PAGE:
Building A Solid Test Automation Strategy
“Without strategy execution is aimless. Without execution, strategy is useless.” Morris Chang CEO of Taiwan Semiconductor Manufacturing Co.
In this agile age, more organizations than ever before are looking at making Test Automation a core part of their product development efforts. That being said, anecdotal evidence would suggest that a surprisingly large number of these test automation efforts don’t deliver the desired results. As a company focused on testing and test automation we have encountered our fair share of client relationships that start on this kind of a note. Clearly there is no lack of great tools and technologies out there and it’s also fair to say that the test automation skills are scarce but available – what then is behind the lower than desired success rate? Over time, we have come to believe that chief among the many reasons test automation “experiments” fail is a poorly defined automation strategy. This post is our attempt to outline, what we believe to be, six critical considerations while devising a solid test automation strategy.
1. Business Buy-in: In many ways this is the most critical piece. Test Automation has to be core and not just a vanity project. The automation strategy has to be aligned with the business objectives and should have the active buy-in of the business to ultimately be successful. This is even more critical in the context of the Agile and Continuous Delivery models of product development. Given the shorter time windows between releases, it becomes essential for the automation strategy to plug into the business and product strategy at a very early stage in order to be effective over the entire product development life cycle.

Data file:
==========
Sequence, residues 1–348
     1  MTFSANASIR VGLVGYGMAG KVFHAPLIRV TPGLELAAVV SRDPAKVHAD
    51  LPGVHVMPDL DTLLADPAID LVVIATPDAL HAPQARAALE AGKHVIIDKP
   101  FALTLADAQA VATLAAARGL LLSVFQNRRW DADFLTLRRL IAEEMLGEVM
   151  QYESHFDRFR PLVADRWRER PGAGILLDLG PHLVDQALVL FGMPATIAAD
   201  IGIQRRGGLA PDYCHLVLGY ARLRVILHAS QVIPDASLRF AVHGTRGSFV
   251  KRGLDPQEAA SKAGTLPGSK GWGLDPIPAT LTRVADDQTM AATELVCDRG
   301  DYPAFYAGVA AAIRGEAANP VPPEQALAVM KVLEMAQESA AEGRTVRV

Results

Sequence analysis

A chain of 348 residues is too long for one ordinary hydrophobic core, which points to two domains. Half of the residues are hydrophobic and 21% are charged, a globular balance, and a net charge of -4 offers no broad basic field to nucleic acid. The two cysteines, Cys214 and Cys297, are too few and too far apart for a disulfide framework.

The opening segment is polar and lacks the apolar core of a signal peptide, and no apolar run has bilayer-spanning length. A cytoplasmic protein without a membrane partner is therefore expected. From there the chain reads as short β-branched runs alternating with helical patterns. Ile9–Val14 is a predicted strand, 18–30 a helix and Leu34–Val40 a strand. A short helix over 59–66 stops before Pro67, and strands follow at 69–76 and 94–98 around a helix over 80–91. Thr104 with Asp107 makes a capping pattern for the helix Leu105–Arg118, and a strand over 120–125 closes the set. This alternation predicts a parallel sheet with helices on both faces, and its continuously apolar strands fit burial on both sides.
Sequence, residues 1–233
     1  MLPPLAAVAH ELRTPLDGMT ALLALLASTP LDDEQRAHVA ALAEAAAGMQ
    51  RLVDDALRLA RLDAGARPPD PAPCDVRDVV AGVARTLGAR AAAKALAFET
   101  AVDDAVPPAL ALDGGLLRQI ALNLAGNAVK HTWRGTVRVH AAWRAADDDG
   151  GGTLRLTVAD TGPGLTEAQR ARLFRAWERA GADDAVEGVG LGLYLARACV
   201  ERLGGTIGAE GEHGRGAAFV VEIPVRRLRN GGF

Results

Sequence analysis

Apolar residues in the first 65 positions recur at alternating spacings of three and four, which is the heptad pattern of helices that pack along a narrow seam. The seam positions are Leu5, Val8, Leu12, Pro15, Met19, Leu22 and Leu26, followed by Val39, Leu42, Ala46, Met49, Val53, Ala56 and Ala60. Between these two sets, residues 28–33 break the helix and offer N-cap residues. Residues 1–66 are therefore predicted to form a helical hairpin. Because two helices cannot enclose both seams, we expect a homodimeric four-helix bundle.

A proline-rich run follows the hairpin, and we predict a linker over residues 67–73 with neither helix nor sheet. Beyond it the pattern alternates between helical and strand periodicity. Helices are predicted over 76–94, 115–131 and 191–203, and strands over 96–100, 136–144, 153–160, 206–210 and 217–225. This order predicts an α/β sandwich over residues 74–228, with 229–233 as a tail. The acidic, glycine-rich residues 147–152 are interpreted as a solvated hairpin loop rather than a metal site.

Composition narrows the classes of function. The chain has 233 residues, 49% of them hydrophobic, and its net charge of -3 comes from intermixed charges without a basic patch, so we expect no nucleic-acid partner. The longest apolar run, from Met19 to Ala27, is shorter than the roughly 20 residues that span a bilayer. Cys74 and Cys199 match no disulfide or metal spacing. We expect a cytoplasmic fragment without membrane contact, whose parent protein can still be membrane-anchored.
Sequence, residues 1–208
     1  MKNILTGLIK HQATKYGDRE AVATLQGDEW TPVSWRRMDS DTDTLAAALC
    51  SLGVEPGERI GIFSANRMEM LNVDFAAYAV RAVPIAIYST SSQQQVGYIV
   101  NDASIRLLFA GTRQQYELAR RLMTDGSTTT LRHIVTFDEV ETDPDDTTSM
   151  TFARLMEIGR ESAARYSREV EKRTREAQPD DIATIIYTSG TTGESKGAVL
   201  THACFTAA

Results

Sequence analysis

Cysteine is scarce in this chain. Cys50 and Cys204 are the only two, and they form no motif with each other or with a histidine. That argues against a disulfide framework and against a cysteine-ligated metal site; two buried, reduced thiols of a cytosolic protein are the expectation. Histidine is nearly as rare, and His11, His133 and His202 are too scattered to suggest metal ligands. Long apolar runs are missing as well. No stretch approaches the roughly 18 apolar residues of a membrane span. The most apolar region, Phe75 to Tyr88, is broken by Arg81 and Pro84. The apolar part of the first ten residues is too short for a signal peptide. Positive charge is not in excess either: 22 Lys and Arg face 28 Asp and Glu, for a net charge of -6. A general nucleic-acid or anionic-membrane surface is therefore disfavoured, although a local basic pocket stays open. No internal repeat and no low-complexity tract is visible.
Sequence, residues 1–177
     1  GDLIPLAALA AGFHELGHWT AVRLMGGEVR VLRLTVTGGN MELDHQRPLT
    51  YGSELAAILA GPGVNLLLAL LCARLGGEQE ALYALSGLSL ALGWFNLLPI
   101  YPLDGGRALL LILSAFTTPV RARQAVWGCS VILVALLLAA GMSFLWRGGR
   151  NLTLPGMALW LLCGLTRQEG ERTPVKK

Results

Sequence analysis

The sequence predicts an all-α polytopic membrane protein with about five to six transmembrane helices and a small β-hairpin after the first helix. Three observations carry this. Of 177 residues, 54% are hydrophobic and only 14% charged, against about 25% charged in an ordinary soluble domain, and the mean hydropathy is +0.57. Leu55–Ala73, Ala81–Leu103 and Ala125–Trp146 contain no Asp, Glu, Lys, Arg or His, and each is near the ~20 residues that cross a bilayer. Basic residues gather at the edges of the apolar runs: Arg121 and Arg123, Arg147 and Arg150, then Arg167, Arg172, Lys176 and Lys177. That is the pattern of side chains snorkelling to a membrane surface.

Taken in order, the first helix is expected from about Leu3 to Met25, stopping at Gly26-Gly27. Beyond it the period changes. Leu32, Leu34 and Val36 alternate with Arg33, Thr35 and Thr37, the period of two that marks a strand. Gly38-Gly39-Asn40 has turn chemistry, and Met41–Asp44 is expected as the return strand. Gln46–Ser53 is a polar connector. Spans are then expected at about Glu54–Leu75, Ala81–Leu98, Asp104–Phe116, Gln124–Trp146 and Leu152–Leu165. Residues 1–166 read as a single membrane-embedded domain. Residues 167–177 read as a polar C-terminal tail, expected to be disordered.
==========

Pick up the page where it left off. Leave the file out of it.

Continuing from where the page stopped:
2. Defined Outcomes: It’s been said in the context of planning to “start with the end in mind”. The call is to make sure that the end objectives are kept in view at every stage of the journey. In the context of a test automation strategy, the need is to have clearly defined objectives that the test automation effort should achieve when done. These goals need to be very specific – “test faster” is not a goal. “Achieve 25% greater test coverage” and “20% faster time to market” are examples of specific goals to aim for.
3. Tool Selection: There is a variety of tools, technologies and platforms out there. Making the right choice is an absolutely key part of the test automation strategy. The tool you pick has to suit your business needs and be appropriate for the achievement of your “defined objectives”. There is also the question of skills – if a synergy can be built with the technology skills already available in the organization then it may be a good idea to pick a test automation tool that allows such synergy.
4. Assigned Stakeholders: Our suggestion is that the test automation effort should not be an “add-on” responsibility of the manual testing team. It is important that this effort be helmed by a defined set of stakeholders with the means and the authority to take decisions and in turn tasked with its ultimate success or failure.
5. Expectation Setting: Walmart founder Sam Walton said, “High expectations are the key to everything.” While that may be true in most fields of human endeavor, in the context of test automation we suggest tempering the expectations to prevent setting unrealistic goals. It’s unlikely you will ever be able to achieve 100% automation and anyway some conditions will always be tested better manually. That being the case we suggest carefully picking the test cases that you would like to automate so the effort can deliver the maximum bang for the automation buck.
6. Evolution: The test automation roadmap is a clearly defined path of growth. It is important to remember that the product will keep evolving and hence room should be made in the test automation strategy for similar evolution. Agile implies faster releases and more iterations of the product under test – the test automation roadmap should be able to deliver RoI at each such stage to be truly successful.
Winston Churchill is reported to have said, “However beautiful the strategy, you should occasionally look at the results.” Our view is that for the right results the strategy has to not only be beautiful but also well thought out!